I was wondering, do people building gRPC services generally use any kind of
framework for this, akin to something like vapor? Or would this be almost
redundant, since the services are automatically generated, and manually
creating them would be error prone?
Let's step back a little bit and consider how to create a gRPC service.
First you need to define the service and and the method request and response types using protocol buffers. Once that's been done you need to generate the client and server stubs using the protocol buffer compiler (
protoc) and appropriate plugins. For Swift this would be
protoc-gen-grpc-swift from gRPC Swift for generating the gRPC parts of the code, and
protoc-gen-swift from SwiftProtobuf to generate the data models for the request and response types.
Let's look at the gRPC parts.
For the server, a "provider" protocol is generated for each service you defined using protocol buffers, where each protocol contains one function per service method. As someone creating a gRPC service you must then provide a type which conforms to the generated "provider" protocol to implement the business logic for your service.
To start your gRPC server you then provide an instance of that implementation and some configuration (which I won't go into here) to a
Server component from the framework. This does all the heavy lifting around the transport, the gRPC protocol, encoding and decoding the wire format, routing requests and so on.
The story is similar on the client side: the generated code contains a client for each of your defined services which is instantiated with a connection to your service. Again the framework does the heavy lifting with regards to the transport and the gRPC protocol but you have to use that framework to create the connection.
To answer your question: you should use a framework for this, but your interaction with that framework to create a service is fairly limited.
I notice there isn't really a concept of URL routing, since the service defines
what methods are available, so there's no need for a framework to do that,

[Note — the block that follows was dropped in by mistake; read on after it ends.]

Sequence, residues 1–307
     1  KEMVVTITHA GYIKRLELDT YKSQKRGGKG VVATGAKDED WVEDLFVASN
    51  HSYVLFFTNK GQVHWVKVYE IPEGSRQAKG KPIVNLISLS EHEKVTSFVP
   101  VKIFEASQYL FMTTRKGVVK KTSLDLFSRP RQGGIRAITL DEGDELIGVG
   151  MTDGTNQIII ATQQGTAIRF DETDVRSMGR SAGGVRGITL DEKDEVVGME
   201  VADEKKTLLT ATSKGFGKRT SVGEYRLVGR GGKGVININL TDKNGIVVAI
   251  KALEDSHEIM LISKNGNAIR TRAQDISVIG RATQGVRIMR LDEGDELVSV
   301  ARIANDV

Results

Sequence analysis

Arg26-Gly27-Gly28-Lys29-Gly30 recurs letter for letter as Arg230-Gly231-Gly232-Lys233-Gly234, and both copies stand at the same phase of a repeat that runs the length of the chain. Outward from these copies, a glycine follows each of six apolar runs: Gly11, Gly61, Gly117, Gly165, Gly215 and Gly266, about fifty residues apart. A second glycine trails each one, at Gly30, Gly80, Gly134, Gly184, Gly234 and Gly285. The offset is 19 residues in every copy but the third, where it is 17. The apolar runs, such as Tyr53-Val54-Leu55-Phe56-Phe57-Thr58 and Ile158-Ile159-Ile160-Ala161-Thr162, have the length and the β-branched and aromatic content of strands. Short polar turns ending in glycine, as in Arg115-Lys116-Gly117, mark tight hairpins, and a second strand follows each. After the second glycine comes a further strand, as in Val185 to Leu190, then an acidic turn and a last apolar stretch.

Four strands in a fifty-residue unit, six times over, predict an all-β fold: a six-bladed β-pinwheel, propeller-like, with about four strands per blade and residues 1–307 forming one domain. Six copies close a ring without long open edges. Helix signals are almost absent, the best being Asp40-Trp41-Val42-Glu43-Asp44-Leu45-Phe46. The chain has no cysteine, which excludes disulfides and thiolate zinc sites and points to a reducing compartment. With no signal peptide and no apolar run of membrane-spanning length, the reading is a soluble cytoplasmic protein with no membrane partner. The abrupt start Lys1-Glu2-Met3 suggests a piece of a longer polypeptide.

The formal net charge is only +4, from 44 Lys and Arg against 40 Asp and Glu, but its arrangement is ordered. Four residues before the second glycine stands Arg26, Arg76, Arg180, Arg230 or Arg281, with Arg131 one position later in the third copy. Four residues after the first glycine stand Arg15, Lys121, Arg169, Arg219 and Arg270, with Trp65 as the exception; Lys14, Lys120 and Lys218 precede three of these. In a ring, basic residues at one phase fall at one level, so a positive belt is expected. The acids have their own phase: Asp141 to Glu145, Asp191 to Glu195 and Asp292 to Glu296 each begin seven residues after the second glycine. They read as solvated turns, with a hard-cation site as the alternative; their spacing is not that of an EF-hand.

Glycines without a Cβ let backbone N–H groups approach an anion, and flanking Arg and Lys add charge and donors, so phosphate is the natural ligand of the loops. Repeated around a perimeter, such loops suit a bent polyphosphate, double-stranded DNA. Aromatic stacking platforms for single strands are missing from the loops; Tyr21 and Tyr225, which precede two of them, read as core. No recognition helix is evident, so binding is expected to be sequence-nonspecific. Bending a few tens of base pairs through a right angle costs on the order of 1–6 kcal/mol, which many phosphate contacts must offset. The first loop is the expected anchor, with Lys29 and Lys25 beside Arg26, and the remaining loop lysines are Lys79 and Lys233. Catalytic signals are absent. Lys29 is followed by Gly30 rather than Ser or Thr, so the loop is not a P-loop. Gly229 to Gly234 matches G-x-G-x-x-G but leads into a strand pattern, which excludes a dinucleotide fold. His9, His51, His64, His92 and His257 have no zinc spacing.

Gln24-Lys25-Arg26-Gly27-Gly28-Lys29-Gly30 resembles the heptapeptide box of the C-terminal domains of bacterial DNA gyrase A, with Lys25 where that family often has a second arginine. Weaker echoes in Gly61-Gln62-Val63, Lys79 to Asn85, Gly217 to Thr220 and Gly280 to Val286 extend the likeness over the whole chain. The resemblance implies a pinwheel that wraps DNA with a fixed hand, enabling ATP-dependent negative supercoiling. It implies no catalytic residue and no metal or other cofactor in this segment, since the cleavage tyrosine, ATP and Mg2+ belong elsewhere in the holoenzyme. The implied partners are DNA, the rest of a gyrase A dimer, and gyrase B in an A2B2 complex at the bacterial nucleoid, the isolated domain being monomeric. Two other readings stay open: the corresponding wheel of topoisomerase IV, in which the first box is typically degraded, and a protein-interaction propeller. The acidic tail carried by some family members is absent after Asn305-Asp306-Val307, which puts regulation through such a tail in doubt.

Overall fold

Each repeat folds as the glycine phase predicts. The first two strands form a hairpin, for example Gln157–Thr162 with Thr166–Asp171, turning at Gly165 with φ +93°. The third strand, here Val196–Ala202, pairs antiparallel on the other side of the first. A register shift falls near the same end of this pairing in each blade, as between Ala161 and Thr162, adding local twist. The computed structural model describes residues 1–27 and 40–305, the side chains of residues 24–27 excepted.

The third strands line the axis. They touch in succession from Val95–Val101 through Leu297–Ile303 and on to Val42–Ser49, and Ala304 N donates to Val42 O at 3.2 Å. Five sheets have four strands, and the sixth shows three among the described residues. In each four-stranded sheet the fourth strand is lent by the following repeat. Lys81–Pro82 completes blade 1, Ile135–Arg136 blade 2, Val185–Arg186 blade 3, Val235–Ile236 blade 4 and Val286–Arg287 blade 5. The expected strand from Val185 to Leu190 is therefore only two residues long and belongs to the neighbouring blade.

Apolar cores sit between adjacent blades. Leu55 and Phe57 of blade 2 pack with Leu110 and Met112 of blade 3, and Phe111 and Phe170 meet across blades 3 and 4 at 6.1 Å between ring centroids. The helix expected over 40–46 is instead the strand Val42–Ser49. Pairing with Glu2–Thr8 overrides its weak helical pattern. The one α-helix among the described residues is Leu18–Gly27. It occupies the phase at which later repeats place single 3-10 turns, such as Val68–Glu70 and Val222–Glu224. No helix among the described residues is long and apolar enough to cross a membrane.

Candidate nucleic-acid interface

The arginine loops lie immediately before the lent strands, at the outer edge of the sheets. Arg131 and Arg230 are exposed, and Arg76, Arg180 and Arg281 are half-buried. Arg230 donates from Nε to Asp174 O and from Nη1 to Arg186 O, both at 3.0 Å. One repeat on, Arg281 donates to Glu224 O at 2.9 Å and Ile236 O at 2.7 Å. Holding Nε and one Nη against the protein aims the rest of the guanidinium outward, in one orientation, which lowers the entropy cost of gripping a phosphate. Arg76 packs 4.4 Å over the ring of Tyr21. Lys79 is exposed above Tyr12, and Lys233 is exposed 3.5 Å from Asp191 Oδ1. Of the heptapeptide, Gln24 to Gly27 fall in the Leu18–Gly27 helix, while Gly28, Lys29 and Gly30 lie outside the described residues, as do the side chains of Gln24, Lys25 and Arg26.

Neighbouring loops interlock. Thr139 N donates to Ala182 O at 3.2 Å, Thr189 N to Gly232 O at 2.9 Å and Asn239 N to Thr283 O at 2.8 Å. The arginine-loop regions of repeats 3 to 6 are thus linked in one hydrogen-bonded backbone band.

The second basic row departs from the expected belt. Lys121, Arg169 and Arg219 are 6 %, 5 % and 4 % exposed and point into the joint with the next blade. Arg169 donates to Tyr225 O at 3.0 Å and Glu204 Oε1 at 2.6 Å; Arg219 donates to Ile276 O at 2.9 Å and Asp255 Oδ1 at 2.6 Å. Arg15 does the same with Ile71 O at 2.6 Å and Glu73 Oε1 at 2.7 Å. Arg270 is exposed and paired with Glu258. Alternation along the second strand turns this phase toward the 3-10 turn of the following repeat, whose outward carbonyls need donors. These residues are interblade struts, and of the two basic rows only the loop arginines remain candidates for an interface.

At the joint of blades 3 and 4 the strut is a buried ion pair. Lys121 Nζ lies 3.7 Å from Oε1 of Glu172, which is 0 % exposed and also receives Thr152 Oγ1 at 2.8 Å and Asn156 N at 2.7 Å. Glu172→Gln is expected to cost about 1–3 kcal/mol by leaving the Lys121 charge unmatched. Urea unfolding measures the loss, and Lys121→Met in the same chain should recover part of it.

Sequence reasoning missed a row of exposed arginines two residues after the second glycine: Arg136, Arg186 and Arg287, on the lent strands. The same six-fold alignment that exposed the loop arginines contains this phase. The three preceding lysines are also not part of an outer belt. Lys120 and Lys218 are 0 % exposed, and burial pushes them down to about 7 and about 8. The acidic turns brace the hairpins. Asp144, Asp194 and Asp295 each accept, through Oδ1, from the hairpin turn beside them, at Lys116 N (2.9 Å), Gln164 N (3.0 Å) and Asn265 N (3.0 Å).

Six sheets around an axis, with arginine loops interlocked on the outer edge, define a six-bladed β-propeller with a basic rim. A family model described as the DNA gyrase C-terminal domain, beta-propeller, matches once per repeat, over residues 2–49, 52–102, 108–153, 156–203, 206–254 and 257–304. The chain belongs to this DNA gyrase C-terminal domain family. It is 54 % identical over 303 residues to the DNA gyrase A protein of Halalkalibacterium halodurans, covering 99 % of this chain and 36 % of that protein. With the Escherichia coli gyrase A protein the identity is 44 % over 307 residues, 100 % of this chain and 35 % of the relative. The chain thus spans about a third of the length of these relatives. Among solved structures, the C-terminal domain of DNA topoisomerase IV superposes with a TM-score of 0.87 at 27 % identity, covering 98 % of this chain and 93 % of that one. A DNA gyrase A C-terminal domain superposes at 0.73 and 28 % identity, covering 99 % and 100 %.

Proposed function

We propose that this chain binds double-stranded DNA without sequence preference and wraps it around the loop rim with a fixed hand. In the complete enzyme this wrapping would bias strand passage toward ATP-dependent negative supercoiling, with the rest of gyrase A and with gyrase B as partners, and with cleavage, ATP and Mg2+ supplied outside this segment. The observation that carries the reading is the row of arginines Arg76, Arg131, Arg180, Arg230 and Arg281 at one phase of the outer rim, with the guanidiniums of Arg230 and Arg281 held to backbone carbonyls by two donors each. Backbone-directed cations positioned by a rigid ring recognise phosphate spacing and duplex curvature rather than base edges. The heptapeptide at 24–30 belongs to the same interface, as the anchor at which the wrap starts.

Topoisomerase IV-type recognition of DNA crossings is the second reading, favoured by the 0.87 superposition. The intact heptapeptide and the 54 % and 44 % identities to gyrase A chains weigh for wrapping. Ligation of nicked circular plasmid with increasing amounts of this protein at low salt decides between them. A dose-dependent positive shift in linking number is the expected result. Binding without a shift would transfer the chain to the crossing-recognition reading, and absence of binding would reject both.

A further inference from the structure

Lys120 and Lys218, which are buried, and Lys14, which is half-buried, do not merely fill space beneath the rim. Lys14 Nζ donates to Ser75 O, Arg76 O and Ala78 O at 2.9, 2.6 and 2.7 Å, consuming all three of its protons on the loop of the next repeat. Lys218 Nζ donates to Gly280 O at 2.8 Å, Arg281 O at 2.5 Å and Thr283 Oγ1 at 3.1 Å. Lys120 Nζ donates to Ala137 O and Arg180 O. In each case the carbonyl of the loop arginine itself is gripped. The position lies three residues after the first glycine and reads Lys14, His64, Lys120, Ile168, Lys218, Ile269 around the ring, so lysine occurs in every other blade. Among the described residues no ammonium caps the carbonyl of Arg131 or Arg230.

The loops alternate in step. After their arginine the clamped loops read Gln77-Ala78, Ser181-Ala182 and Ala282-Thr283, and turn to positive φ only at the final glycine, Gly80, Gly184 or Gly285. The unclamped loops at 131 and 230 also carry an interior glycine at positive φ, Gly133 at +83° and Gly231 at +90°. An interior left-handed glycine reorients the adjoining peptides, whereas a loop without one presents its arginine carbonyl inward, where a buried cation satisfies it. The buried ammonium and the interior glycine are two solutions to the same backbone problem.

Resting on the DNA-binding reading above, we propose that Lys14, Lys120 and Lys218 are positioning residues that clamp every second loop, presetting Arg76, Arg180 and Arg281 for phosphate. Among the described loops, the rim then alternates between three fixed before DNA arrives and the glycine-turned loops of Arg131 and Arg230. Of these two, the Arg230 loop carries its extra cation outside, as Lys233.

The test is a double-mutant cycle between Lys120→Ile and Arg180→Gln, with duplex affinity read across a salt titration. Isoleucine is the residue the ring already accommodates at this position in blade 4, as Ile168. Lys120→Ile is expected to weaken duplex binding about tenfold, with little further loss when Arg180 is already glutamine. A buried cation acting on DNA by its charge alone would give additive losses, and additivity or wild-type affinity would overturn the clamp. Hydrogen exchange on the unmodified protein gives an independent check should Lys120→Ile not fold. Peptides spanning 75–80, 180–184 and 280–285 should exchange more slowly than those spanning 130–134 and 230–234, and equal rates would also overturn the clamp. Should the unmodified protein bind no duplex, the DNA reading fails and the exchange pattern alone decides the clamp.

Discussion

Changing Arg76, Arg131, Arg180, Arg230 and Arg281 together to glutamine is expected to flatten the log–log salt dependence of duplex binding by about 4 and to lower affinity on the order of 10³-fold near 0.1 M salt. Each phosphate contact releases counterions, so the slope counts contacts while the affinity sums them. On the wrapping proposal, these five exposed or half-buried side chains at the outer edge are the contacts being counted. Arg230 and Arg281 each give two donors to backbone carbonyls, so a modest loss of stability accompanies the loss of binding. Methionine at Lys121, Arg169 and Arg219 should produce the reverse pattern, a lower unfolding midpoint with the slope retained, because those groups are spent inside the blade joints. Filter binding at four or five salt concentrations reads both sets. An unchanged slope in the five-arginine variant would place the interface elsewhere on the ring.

The routing format is defined by the protocol and follows the format of
"/ServiceName/MethodName", the generated client code must follow that so
the underlying server code is able to route requests to the right service method you provided an implementation for. There's still routing, it's just that the user doesn't really have any say in it.
Can it really be a simple as the tutorials look, to build a large, production-ready service?
It's certainly simple to create a production ready service. We have a number of tutorials for getting started: both a quick-start guide https://github.com/grpc/grpc-swift/blob/nio/docs/quick-start.md, and a basic tutorial: https://github.com/grpc/grpc-swift/blob/nio/docs/basic-tutorial.md.
How do services handle interface changes?
There are a number of ways in which your interface can change: you could add new methods to your service, you could add fields to request/response types or you could make backwards incompatible changes like completely changing a request/response type for a method.
For any of the above changes you need to regenerate some code. In the case of adding a new method your service provider implementation (the business logic for your service) will no longer conform to your generated protocol: you have a compile time guarantee that your service is up to date. The client doesn't have to be updated, but it won't be able to talk to your new method of course! (This isn't entirely true: you can use a client to talk to a service for which you don't have a generated client, providing you do have generated the correct request and response models and have sufficient information about the service and method, i.e. it's path and what type of RPC it is; unary, bidiretional streaming, etc.)
If you add fields to your message types then you only need to recompile the message (the client and service code can remain the same since they depend on the generated messages). Naturally you'd need to update the service provider implementation to make use of the new fields.
Finally, if the request/response types are changed altogether then the service and client must be regenerated. This is a much more painful process since they need to be updated in lockstep. This should be avoided, as should making backwards incompatible in general.
How do servers handle authorization?
One thing gRPC Swift currently lacks on the server is a middleware plugin layer
for things like authorization. Instead this must be handled via the initial
metadata (headers) sent at the start of each RPC in your provider
Hope that helps!